Monday, March 9, 2009
Changing the Rules: Let us know what you think
Last week, the veterans' community received word of a proposal to bill veterans' private insurance companies for health care related to service-connected conditions. AMVETS vehemently opposes this idea. We understand that the costs of health care keep skyrocketing, but that does not preclude the VA from fulfilling its obligations to our veterans.
Service-connected conditions are quite different from the kinds of health care conditions many Americans cope with. Service-connected conditions are injuries and maladies that the VA has acknowledged have a direct link to our time in the military; a time when we each forfeit certain rights and priviledges to defend our fellow countrymen and our way of life. In return for agreeing to go wherever we are asked to go, and do whatever we are asked to do, our government has made a promise to take care of us, should something happen in the line of duty. Now the government wants to pass this burden onto our private insurance companies.
I understand if the VA wants to treat normal patient triage as any private hospital would by billing third-party insurers for routine visits, but it is the VA's obligation to ensure that service-connected conditions are treated at no cost to the veteran.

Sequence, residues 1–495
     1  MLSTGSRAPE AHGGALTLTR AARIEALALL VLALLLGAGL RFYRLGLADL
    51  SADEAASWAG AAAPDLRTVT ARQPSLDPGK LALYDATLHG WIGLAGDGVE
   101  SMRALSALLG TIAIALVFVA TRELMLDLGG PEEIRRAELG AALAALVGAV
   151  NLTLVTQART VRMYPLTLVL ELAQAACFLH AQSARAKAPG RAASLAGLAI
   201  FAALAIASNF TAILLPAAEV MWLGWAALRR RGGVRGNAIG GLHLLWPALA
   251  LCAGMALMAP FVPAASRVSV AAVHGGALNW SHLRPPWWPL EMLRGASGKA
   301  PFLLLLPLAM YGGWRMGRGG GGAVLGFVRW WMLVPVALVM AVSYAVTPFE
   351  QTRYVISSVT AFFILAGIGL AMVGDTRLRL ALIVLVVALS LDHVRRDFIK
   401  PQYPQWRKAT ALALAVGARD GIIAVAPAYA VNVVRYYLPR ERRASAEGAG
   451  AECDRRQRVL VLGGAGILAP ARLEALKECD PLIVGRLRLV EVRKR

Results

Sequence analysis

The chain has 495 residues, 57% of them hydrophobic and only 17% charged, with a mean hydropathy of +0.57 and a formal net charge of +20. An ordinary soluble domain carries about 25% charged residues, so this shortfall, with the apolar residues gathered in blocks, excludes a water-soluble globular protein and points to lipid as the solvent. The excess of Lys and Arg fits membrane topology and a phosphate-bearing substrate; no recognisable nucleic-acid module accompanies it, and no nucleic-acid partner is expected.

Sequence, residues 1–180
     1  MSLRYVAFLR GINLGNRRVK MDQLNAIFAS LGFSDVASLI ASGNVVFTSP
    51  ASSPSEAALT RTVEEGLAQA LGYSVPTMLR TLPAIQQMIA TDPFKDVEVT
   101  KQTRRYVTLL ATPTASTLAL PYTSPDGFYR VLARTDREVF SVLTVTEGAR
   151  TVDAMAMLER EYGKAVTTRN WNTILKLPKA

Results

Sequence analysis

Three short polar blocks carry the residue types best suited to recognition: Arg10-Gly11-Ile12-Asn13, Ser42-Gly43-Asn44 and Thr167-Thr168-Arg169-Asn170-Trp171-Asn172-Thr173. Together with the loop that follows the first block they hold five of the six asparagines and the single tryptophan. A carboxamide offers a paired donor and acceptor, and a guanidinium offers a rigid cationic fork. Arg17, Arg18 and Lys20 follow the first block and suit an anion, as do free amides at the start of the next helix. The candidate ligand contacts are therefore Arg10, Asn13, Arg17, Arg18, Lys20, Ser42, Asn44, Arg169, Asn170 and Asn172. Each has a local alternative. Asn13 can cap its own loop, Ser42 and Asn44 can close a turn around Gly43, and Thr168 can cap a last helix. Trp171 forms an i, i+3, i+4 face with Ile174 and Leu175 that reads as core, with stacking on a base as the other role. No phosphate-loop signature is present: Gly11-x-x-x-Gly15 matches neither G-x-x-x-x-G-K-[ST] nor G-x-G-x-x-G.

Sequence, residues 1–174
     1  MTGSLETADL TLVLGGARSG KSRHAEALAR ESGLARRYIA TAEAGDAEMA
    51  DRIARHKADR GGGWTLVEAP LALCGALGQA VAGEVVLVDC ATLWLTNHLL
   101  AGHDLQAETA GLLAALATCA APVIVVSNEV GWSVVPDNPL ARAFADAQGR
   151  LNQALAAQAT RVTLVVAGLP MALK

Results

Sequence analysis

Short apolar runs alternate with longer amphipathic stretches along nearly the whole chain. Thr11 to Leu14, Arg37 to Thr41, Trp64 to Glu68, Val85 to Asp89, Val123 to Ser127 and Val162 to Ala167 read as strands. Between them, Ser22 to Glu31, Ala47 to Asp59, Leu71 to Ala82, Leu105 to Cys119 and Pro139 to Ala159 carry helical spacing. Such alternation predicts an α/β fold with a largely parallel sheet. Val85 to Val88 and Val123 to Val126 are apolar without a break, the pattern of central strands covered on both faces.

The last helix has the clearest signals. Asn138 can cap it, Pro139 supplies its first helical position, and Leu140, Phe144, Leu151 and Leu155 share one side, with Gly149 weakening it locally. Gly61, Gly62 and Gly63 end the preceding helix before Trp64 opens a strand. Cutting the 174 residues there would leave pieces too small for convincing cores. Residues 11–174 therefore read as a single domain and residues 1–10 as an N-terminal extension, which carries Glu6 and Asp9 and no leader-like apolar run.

Proponents of third-party billing may believe that this will simply help the VA save some much-needed cash in a turbulent economic time, since many veterans already enjoy adequate third-party coverage. However, this could create dire unintended consequences when insurance companies start to drop veterans from their plans. Under the current scenario, private insurance companies can look the other way when a veteran needs monthly counseling for PTSD or repairs to a prosthesis. But once the bills start rolling in for Blue Cross or United, somebody is going to have to reassess the situation. Veterans will become a greater liability.
The new Administration has proposed a much-needed increase in funding for the VA in FY2010. Unfortunately, third-party billing for service-connected conditions may be a part of their equation. This would be a tremendous disservice to our veterans, and I hope that the White House and Congress will not seriously consider this move. AMVETS is waiting anxiously to see the President's full budget proposal in early April. In the meantime, let us know what you think about the third-party billing proposal by posting your comments below.